Whether a particular method is capable of generating all efficient solutions is often a question of what structure the MOOP (multi objective optimisation problem) has.
In addition, you ask for methods that can generate all Pareto optimal solutions. In the single objective case, this is equivalent to asking for all alternative optimal solutions. Often what algorithms generate is a so-called minimal complete set of Pareto optimal solutions, which is a subset of Pareto optimal solutions such that there is exactly one solution for each non-dominated outcome vector. In linear and mixed integer linear MOOPs you also need to figure out how you want to represent the set of non-dominated outcomes and their corresponding pre-images: using extreme points, faces/facets, or both.
If the problem is a convex MOOP (convex objectives and convex feasible set) then for every Pareto optimal solution, $x$, there exists a weight vector for which $x$ is optimal to the weighted sum problem. And furthermore, if $x$ is optimal to the weighted sum problem for some weight vector, then it is Pareto optimal. Hence algorithms based on weighted sum scalarizations are in principle capable of generating all Pareto optimal solutions. However, there might very well exist multiple optimal solutions to a weighted sum problem, so you might need to tickle your single objective solver in order to get all the alternatives (they are all Pareto optimal). For the bi objective case the algorithm by Cohon usually works well. Especially if the problem is also linear. If you have a higher dimensional linear problem I usually resort to versions of Bensons algorithm. Bensons algorithm provides both a face and an extreme point representation.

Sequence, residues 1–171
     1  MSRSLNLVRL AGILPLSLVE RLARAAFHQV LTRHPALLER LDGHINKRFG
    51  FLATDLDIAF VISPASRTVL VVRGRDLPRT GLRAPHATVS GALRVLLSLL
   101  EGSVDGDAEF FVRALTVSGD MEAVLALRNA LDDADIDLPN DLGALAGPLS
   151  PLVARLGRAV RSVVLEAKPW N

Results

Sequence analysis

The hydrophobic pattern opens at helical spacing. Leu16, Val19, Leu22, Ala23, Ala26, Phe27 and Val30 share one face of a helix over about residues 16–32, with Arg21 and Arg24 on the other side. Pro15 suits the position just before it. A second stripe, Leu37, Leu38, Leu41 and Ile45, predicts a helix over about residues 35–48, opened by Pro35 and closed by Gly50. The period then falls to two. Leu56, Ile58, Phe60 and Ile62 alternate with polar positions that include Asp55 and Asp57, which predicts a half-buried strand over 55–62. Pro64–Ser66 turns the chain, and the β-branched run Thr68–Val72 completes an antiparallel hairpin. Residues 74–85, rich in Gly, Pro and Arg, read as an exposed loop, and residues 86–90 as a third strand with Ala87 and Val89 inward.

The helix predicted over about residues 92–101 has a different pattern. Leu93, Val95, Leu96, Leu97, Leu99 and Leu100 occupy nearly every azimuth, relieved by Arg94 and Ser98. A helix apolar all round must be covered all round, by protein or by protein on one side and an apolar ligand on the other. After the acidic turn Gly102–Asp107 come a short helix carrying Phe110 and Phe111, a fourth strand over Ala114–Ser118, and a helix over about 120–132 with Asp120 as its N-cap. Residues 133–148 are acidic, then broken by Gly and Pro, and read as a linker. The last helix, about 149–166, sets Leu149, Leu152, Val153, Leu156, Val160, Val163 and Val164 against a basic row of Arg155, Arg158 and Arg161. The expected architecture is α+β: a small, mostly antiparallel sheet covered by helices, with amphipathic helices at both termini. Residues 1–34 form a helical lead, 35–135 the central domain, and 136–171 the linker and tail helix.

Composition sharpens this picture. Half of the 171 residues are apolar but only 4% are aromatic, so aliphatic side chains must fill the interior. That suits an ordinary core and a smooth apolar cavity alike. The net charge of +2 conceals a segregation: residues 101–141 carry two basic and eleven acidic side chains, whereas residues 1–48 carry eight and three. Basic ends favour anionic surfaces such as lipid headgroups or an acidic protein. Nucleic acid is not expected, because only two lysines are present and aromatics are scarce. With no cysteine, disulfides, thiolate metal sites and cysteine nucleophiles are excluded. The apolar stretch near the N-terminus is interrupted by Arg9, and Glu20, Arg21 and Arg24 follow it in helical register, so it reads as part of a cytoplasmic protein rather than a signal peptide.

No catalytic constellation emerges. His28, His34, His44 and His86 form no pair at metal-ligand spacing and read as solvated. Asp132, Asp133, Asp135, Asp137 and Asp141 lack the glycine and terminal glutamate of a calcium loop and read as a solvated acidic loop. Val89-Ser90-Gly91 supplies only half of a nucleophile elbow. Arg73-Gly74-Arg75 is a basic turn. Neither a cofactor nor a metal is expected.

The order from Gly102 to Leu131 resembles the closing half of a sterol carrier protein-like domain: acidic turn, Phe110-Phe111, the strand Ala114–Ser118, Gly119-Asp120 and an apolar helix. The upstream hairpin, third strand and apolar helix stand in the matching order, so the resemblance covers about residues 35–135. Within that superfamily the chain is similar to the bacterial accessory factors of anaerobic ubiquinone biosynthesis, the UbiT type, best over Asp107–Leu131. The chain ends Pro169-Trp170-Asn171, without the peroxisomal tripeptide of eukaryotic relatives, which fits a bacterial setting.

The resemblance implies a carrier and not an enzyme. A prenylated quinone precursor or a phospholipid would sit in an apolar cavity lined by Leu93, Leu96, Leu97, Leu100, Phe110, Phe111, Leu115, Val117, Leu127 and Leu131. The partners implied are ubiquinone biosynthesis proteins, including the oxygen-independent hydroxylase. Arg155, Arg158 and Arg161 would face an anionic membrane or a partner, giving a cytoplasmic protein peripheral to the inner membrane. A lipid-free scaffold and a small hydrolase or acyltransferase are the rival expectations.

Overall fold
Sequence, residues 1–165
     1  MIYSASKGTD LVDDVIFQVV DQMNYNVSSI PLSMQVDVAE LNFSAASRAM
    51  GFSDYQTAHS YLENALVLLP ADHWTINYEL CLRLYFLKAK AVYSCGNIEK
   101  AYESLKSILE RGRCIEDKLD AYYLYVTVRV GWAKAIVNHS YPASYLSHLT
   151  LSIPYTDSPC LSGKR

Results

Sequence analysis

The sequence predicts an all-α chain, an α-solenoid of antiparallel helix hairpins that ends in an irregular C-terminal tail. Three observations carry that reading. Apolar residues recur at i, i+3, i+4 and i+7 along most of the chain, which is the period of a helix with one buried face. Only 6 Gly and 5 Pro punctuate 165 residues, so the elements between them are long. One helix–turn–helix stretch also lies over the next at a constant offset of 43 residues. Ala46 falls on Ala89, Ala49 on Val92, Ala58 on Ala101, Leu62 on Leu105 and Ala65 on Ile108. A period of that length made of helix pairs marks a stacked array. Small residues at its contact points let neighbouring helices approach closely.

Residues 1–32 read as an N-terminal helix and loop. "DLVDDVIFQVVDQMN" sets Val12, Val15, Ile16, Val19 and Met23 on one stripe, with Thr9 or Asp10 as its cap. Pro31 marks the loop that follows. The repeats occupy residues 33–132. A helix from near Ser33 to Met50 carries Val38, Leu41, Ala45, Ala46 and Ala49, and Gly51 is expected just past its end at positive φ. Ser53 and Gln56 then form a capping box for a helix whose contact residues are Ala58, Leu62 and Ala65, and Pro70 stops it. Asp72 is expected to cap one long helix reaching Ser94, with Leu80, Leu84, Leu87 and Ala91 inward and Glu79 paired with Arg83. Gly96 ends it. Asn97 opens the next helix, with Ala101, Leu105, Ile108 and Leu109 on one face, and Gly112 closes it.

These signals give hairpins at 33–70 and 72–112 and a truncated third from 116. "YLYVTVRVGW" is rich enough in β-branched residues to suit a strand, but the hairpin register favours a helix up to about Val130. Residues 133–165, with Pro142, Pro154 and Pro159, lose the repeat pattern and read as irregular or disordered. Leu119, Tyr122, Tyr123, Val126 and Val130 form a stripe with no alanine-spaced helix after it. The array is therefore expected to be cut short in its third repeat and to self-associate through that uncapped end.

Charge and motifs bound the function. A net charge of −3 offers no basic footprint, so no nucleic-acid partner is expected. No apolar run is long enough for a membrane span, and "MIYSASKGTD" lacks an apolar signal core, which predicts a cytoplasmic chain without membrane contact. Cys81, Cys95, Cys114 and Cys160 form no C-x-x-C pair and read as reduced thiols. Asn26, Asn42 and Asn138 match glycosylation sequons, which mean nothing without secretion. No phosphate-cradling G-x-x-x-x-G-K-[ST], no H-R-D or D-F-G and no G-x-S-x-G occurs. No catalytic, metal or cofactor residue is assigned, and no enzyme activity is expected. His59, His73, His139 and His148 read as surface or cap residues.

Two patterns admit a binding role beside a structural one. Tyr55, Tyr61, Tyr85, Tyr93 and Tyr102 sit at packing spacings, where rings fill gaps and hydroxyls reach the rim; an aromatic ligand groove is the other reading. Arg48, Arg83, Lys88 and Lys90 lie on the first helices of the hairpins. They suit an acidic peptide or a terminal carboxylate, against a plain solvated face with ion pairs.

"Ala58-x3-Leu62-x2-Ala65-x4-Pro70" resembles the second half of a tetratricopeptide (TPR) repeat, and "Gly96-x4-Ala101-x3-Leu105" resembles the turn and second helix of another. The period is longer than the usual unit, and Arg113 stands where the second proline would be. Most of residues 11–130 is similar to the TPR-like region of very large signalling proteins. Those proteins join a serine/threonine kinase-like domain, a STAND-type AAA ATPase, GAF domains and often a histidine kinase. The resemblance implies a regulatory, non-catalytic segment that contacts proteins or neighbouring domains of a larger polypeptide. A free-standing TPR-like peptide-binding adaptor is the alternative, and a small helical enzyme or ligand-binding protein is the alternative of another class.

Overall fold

For combinatorial MOOPs, usually ranking based methods are used when all Pareto optimal solutions must be generated. These methods often rely on solving weighted sums and then ranking solutions for a given weight. Standard references include the “two-phase papers” by Ulungu and Teghem. From a practical perspective, some type of $\varepsilon$-constraint based method is usually difficult to beat (for two objectives) both with respect to computation time and implementation time.
Through the last couple of years branch and bound methods for combinatorial MOOPs (with more than two objectives) have shown some potential. You can look at papers by N. Forget, S. Paragh, or K. Klamroth (among others).
For non-convex continuous MOOPs I do not know much. I would look for papers from e.g. G. Eichfelder.
Concluding I would like to stress that asking for an algorithm that is good for any type of problem, is like asking for the perfect tool for building a house. The tool depends on the task at hand!